Virginia College students worry about loans and transferring credits

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HUNTSVILLE, Ala - It has been almost a week since Education Corporation of America announced it was closing all its colleges, which includes Virginia College in Huntsville. Many students fear they are out thousands of dollars in tuition costs as they struggle to find a school that will accept their credits.

"You see it, and you hear about it, but you never think it will happen to you," Raqueal Hamlett said. She was a Virginia College student and now she is scrambling to find a school that will accept her credits.

"They're not accepting them. The only school that will accept Virginia College credit is not offering my major."

"It's quite disappointing because we have seen the trend of those for-profit colleges going out of business," Huntsville Bible College President John Clay said.

Clay says this is a sad situation he has seen before.

"Students are kind of left holding the bag, especially when you talk about loans that they'll have to pay whether they complete their degree or not," he said.

He says it can be difficult to transfer from a for-profit college because of the accreditation.

"Most of the schools in this area are SACS accredited and they don't receive school credit outside of that area."

Huntsville Bible College has two associate degree programs that are comparable to programs at Virginia College, business management and information technology. HBC's accreditation is different than other schools in the area.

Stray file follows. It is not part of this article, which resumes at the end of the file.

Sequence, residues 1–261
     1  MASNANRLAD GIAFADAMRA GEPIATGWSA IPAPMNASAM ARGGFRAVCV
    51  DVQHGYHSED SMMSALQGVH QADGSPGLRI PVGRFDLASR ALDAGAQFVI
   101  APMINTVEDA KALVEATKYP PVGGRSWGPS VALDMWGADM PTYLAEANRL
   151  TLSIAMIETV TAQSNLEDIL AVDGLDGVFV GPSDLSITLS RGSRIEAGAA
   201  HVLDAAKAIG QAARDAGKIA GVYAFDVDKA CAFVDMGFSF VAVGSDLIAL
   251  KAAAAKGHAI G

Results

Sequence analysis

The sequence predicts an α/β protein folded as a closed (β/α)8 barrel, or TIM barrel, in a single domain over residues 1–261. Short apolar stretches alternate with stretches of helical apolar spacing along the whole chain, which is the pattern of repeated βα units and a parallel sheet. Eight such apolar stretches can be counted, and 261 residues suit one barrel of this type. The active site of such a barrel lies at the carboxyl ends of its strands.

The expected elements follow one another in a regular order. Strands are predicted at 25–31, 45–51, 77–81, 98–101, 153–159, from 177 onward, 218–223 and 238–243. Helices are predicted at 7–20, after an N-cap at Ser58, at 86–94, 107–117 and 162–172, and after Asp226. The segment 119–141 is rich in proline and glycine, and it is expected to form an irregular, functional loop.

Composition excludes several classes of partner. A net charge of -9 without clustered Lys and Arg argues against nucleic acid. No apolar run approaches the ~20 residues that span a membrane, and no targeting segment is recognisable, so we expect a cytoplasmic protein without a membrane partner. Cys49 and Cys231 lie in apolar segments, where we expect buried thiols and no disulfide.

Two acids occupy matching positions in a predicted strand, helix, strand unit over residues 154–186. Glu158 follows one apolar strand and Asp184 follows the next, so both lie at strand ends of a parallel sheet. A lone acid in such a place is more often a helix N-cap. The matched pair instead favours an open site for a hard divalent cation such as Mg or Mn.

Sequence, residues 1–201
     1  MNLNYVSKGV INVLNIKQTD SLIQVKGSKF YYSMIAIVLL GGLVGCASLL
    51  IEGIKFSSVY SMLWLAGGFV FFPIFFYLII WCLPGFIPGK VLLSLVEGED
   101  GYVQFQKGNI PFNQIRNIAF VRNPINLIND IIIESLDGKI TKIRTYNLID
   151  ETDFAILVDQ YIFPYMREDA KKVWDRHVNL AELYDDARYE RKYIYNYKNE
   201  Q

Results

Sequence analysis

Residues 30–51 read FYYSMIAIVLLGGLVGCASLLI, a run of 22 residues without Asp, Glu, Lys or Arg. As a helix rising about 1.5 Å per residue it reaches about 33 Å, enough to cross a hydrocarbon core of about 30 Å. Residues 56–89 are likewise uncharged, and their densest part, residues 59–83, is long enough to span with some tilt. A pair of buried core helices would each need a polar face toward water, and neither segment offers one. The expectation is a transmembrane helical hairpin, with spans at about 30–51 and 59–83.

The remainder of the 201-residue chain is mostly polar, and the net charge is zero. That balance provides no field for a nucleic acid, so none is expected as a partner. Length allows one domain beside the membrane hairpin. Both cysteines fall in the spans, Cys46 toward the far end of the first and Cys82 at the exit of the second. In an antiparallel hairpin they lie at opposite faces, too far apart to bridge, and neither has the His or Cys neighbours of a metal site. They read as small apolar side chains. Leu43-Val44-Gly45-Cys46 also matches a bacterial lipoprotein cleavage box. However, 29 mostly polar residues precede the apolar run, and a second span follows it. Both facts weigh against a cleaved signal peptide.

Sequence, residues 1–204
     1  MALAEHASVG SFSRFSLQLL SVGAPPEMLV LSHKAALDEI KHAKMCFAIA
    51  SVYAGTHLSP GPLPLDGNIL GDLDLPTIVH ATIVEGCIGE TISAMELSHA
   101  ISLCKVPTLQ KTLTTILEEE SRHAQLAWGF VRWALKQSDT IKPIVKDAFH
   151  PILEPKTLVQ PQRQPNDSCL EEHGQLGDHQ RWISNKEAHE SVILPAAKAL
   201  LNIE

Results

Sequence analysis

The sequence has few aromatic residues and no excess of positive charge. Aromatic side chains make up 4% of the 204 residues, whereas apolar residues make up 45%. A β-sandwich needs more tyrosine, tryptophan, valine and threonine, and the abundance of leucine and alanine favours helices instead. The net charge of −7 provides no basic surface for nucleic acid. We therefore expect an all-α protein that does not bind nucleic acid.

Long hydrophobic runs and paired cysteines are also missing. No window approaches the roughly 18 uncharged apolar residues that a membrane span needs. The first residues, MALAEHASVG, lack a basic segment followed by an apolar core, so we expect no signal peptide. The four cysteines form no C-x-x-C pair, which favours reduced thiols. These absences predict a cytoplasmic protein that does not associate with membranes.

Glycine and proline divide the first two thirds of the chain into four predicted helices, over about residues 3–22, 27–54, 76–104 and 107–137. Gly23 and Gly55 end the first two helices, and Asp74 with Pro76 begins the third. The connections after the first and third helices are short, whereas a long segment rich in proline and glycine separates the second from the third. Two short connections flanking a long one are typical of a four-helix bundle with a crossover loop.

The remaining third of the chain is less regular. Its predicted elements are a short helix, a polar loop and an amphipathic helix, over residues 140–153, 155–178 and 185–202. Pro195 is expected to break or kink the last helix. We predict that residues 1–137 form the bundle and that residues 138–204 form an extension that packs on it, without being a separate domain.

"We're ABHE, Association for Biblical Higher Education. It is a Department of Education accreditation and so we have a little more flexibility than SACS schools do," he explained.

But how many credits will actually transfer will be answered on a case by case basis.

Huntsville Bible College isn't the only institution in the area trying to help students. Drake State is hosting open houses for people affected by the closure.

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Student Loan Information

Raqueal Hamlett is trying to figure out what to do next after Virginia College announced they were closing their doors this month. It's a move officials with the US Department of Education say was not best for students or ECA's only option.

"The department was in daily conversations with ECA and potential teach-out partners to assist as many students as possible to find a new institutional home. Instead of taking the next few months to close in an orderly fashion, ECA took the easy way out and left 19,000 students scrambling to find a way to finish the education program they started," Press Secretary Liz Hill told WHNT News 19 in a statement.

Hamlett spent more than $20,000 to pay for her degree and even though she won't be able to finish her program, she says she still has to pay.

"Virginia College told us that day that we're still responsible for everything that we had took out and that we wasn't going to get our money back," she said.

According to the US Department of Education website, students may qualify for a student loan discharge if you were enrolled when your school closed or withdrew from all classes on or after a certain date. That date is listed for several Virginia College campuses, but so far, not for the Huntsville, Birmingham or Mobile location.

US Department of Education officials hope Virginia College students look at their website to find more information about their student loans.